Water Chestnut Cake at Fan’s Restaurant in Dartmouth, Nova Scotia
This Dim Sum specialty appeared as ‘Pan-fried Water Chestnut Cake’ on the menu at Fan’s Restaurant in Dartmouth. In Chinese, it was rendered as ‘馬蹄糕’ . which simply means ‘Water Chestnut Cake’ without specifying the cooking method. Not having had this before, I was rather expecting a savory dish rather like the more common ‘Turnip Cake’, or ‘蘿蔔糕’, in which a steamed cake of shredded Chinese Radish and other savory ingredients is sliced and then pan-fried before service. The traditional Water Chestnut Cake, it turns out, is nothing like that at all.
The ’Cake’ I was served, as you can see in the picture above, was divided into squares of a translucent, jelly-like substance with bits of white scattered throughout. On doing a little research, I discovered quite a number of recipes indicating that the composition of the jelly is essentially a paste made with Rock Sugar and a Chinese Water Chestnut flour. This is steamed, usually with fragments or shreds of Water Chestnut suspended in it, and then sliced into smaller pieces after cooling. Usually, although not always, the squares are lightly pan-fried before serving.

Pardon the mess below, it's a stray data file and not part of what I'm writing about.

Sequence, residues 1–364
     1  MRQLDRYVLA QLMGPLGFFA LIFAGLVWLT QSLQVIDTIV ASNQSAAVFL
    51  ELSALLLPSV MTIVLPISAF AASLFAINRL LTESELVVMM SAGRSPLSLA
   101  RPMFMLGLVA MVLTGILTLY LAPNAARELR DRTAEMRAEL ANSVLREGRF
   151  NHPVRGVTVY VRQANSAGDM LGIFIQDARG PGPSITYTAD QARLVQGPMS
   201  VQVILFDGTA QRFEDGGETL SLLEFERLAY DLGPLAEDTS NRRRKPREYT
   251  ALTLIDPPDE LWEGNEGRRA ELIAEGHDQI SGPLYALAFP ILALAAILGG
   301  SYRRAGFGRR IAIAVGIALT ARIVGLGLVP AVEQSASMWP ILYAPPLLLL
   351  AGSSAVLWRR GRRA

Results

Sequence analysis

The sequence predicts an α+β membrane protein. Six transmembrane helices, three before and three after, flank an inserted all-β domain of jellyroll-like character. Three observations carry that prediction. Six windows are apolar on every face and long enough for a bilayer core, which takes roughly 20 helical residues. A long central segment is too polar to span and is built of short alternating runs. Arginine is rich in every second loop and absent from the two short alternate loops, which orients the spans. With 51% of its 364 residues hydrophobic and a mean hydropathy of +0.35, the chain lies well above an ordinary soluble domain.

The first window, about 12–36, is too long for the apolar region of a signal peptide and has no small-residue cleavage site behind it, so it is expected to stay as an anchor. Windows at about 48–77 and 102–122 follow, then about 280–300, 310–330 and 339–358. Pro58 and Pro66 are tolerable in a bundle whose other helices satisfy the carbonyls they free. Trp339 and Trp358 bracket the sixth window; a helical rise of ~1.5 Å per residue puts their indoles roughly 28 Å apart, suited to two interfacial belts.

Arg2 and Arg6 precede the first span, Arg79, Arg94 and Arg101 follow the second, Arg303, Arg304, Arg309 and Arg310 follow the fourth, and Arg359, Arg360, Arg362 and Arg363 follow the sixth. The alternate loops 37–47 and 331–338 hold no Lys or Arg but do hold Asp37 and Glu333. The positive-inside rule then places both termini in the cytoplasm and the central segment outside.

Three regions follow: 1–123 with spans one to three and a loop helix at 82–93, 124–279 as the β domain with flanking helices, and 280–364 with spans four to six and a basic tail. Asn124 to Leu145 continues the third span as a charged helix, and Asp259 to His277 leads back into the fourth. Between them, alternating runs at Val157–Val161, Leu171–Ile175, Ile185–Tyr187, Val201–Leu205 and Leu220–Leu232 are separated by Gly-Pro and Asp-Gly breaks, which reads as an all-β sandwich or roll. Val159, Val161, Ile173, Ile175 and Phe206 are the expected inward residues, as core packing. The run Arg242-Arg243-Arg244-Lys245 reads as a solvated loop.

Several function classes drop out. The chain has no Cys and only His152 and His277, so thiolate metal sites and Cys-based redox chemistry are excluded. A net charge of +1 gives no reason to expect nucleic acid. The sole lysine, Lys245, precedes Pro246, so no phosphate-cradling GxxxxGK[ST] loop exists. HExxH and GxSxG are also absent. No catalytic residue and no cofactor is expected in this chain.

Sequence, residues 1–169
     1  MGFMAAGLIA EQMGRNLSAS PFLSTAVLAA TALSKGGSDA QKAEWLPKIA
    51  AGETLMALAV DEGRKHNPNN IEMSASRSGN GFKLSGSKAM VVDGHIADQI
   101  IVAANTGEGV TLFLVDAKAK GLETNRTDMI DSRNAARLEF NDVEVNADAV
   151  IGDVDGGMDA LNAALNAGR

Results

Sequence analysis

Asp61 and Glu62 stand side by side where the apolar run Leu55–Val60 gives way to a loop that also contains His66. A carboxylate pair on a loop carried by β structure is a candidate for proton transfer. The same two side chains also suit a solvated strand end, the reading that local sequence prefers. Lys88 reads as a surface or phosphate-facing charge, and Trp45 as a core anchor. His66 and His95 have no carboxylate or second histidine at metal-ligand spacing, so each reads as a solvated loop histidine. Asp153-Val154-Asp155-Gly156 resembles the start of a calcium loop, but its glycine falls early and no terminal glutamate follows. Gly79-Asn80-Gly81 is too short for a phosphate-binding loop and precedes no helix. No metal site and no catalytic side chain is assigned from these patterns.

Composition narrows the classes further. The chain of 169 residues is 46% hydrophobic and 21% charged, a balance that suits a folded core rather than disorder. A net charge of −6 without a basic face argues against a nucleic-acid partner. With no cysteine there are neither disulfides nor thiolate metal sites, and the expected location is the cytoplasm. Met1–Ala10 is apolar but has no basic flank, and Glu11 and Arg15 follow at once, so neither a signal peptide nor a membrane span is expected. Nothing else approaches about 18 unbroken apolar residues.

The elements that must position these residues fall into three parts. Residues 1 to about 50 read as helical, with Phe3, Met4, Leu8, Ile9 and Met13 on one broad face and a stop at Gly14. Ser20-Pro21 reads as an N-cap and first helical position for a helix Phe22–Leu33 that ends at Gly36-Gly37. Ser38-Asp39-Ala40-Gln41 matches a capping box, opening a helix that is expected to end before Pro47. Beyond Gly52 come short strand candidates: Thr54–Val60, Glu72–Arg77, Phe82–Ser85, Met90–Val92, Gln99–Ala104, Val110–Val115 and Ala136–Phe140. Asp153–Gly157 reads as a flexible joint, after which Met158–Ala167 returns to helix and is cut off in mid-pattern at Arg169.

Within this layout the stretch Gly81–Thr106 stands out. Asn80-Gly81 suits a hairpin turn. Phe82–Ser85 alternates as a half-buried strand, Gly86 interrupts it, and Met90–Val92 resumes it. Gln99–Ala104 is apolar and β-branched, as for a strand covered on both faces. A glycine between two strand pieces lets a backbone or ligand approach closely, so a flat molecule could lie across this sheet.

At Fan’s, and despite being listed on the ‘Pan & Deep Fried/Baked’ Category on the Dim Sum menu, this particular dish was most definitely fried at all. It was served warm, however, and, all in all, it wasn’t too bad. It was a very firm jelly, and rather hard to cut with a chopstick. You either had to persevere, or pick up a whole wodge at once and take bites, which was a bit unwieldy. As for the taste, it was sweet, but otherwise nondescript. The chunks of Water Chestnut did make for a moderately interesting taste and texture contrast with the jelly, but not enough to make the dish especially interesting. It was, I thought, the sort of thing one might enjoy when too old to handle anything more culinary adventuresome. It may well be a bit better if pan-fried before service, but, otherwise, it did not make me want to rush to try it again.